Coffee is grown in more than fifty countries all over the world.
The best beans are produced at high altitudes, in tropical climates where the soil tends to be rich.
Other factors that affect quality and flavor are plant variety, weather, sunshine and rainfall, and soil content.
These variables help create the distinctions between coffees from different countries, regions, and even plantations.
The Most Popular Coffee-Producing Countries
Kona coffee is world-renowned and in high demand due to its rich and aromatic medium body.
The coffee trees grow on the slopes of the Mauna Loa volcano, with island showers and volcanic soil contributing to an intensely flavorful bean.
Mexico is one of the largest producers of coffee, with beans that yield a deep yet delightfully crisp flavor.
Mexican coffees, typically grown in the southern regions, are often used in blends and create an excellent dark roast.
If a bean is designed Altura, it was grown at higher altitudes.
Coffees from Guatemala have a distinct and rich taste that has earned them a loyal following.
There are three primary growing regions — Antigua, Coban, and Heuhuetanango — and one produces medium-to-full-bodied coffee, often with a softly spicy or chocolatey taste.
Cuppers often describe a Costa Rican coffee a perfectly balanced.
The beans are grown on small farms (fincas) before being harvested and put through wet-method processing.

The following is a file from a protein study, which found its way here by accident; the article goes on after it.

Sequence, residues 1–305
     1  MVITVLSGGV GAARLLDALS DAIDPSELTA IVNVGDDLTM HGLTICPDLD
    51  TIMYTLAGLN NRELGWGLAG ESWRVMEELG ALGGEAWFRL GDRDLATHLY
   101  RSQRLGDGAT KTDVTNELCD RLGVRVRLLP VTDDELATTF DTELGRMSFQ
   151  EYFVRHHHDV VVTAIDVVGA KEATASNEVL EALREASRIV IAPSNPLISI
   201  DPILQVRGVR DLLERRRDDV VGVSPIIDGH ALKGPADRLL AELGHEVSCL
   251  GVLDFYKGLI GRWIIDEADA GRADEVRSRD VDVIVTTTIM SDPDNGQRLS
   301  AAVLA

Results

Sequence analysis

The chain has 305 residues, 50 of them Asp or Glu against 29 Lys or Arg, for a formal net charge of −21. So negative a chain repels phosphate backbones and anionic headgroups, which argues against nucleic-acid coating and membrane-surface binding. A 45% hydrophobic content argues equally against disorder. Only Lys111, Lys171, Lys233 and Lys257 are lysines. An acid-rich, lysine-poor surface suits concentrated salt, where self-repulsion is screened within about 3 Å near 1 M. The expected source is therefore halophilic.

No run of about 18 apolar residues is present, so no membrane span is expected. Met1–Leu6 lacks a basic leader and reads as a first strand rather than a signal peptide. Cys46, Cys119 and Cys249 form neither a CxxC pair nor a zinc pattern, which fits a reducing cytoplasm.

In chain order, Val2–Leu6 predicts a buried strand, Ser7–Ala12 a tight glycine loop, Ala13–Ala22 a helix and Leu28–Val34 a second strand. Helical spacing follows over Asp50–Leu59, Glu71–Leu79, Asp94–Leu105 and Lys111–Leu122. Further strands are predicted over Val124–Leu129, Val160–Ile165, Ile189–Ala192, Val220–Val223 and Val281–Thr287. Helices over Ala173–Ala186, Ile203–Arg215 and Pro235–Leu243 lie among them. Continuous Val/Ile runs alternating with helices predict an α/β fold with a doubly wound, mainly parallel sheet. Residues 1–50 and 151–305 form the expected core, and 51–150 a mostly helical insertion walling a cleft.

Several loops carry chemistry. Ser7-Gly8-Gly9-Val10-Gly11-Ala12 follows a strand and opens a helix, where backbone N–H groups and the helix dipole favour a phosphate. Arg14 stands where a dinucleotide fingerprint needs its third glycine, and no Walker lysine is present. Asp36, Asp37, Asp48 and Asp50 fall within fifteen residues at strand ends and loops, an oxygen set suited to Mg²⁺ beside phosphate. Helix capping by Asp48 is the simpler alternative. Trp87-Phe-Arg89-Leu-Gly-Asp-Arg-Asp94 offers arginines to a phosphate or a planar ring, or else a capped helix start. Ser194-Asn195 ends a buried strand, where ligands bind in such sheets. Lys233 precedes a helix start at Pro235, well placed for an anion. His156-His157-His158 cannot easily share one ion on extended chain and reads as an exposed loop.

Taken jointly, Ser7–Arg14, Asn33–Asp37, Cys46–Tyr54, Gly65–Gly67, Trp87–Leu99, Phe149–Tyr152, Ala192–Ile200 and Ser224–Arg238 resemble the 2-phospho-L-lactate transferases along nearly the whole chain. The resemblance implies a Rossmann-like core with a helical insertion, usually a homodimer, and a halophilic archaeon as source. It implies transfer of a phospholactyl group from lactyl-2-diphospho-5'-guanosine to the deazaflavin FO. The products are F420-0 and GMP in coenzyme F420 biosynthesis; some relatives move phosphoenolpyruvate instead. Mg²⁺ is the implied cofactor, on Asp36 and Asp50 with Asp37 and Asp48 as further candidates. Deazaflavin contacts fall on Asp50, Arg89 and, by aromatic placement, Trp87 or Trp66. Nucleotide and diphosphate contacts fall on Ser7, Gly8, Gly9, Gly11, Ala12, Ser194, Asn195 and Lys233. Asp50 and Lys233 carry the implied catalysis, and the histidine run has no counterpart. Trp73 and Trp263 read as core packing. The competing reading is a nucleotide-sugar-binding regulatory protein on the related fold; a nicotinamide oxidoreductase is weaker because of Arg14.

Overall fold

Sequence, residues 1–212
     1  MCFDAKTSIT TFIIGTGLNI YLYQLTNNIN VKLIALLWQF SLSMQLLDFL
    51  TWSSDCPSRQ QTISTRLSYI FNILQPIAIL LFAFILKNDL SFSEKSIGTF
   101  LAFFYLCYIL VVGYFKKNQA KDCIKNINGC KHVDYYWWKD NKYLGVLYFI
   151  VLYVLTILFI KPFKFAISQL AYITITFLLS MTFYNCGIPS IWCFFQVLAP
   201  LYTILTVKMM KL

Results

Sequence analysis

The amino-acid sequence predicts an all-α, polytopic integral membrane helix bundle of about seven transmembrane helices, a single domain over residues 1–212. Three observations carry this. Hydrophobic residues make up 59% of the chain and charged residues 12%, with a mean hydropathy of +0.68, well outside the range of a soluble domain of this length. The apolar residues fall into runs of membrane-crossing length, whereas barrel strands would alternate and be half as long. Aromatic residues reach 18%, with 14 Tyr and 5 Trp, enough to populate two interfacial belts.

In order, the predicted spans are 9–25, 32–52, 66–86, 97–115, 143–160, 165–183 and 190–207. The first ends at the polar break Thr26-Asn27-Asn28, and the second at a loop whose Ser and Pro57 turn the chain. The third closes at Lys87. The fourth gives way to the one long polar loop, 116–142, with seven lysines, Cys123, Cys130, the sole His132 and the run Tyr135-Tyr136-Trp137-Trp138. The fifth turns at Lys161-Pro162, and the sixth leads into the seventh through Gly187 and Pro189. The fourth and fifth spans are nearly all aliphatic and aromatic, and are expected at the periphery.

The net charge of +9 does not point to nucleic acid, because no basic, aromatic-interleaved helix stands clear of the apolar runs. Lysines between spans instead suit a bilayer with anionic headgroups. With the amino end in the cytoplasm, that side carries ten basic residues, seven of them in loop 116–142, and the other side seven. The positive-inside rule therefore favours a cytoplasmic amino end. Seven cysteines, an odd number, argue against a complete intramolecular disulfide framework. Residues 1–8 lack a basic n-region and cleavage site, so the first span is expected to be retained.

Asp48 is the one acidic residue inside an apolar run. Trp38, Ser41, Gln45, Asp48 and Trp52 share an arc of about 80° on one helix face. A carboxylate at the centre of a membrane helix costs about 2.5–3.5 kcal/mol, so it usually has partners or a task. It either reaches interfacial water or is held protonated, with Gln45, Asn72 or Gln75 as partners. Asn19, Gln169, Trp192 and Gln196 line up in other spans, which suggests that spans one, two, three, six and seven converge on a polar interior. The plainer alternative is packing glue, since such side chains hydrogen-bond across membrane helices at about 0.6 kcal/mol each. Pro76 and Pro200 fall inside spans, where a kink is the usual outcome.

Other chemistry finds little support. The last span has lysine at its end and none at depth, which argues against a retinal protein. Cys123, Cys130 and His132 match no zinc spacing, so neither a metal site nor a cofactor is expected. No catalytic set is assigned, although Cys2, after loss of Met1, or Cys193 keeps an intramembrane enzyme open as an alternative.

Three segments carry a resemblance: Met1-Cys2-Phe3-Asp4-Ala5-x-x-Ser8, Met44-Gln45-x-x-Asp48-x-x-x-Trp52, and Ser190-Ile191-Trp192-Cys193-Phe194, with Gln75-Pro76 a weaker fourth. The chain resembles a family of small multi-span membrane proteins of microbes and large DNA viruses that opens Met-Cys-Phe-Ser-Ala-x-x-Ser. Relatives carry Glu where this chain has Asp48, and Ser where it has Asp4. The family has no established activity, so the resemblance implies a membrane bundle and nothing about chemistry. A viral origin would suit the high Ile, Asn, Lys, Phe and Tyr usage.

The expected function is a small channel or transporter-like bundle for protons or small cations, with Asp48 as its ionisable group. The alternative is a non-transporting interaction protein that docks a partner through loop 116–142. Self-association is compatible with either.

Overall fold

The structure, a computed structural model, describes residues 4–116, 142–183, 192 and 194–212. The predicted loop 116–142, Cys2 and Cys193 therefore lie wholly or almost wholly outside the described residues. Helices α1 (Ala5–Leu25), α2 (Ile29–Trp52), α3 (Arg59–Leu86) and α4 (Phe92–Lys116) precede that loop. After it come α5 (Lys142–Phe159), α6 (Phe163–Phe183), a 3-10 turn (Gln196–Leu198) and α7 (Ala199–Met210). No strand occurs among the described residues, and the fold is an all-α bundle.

Careful attention to processing and conscientious growing methods result in a fine quality coffee.
The world’s best-known coffee producer, Colombia, has a rugged landscape that consistently produces great beans.
The highest grade is Colombian Supremo, a delicate, aromatic crispness, while Excelso Grade is softer and a little more acidic.
Brazil is the largest coffee-producing country in terms of output, with huge coffee plantations and large teams of people to harvest and process the beans.
Brazilian coffees are milder in intensity and create a medium-bodied, low-acid cup.
Ethiopian coffees are generally wet-processed and come from three primary growing regions: Sidamo, Harer, and Kaffa.
When brewed, Ethiopian beans are remarkably bold, full-flavored, and even fuller-bodied.
Kenyan beans deliver a singular cup with sharp yet sweet acidity, underscored by a full body and rich aroma.
Grown on the foothills of Mount Kenya, the coffee undergoes processing and drying procedures engineered for quality.
Kenyan AA is the largest bean in the country’s grading system, and an AA+ designation means that the bean was estate grown.
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